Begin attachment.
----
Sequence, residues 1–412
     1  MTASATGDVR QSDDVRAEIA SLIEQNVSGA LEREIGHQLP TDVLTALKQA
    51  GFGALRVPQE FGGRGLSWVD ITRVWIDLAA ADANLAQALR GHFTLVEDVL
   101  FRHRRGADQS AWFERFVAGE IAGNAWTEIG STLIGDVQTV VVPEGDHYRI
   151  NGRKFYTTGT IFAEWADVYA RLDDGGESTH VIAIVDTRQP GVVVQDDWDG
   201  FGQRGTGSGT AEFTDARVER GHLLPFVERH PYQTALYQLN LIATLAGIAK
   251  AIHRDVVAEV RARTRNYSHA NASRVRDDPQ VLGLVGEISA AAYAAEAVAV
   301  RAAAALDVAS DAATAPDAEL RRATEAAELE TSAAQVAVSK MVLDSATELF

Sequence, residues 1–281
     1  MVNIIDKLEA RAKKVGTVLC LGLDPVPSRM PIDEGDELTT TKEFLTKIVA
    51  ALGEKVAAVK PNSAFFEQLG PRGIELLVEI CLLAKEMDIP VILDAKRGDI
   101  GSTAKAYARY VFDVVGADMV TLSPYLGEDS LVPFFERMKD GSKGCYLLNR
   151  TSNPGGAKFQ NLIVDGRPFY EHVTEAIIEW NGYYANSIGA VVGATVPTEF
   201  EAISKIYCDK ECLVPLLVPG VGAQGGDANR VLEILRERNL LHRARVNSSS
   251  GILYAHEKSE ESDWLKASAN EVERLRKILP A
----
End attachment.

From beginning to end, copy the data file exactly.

Sequence, residues 1–412
     1  MTASATGDVR QSDDVRAEIA SLIEQNVSGA LEREIGHQLP TDVLTALKQA
    51  GFGALRVPQE FGGRGLSWVD ITRVWIDLAA ADANLAQALR GHFTLVEDVL
   101  FRHRRGADQS AWFERFVAGE IAGNAWTEIG STLIGDVQTV VVPEGDHYRI
   151  NGRKFYTTGT IFAEWADVYA RLDDGGESTH VIAIVDTRQP GVVVQDDWDG
   201  FGQRGTGSGT AEFTDARVER GHLLPFVERH PYQTALYQLN LIATLAGIAK
   251  AIHRDVVAEV RARTRNYSHA NASRVRDDPQ VLGLVGEISA AAYAAEAVAV
   301  RAAAALDVAS DAATAPDAEL RRATEAAELE TSAAQVAVSK MVLDSATELF

Sequence, residues 1–281
     1  MVNIIDKLEA RAKKVGTVLC LGLDPVPSRM PIDEGDELTT TKEFLTKIVA
    51  ALGEKVAAVK PNSAFFEQLG PRGIELLVEI CLLAKEMDIP VILDAKRGDI
   101  GSTAKAYARY VFDVVGADMV TLSPYLGEDS LVPFFERMKD GSKGCYLLNR
   151  TSNPGGAKFQ NLIVDGRPFY EHVTEAIIEW NGYYANSIGA VVGATVPTEF
   201  EAISKIYCDK ECLVPLLVPG VGAQGGDANR VLEILRERNL LHRARVNSSS
   251  GILYAHEKSE ESDWLKASAN EVERLRKILP A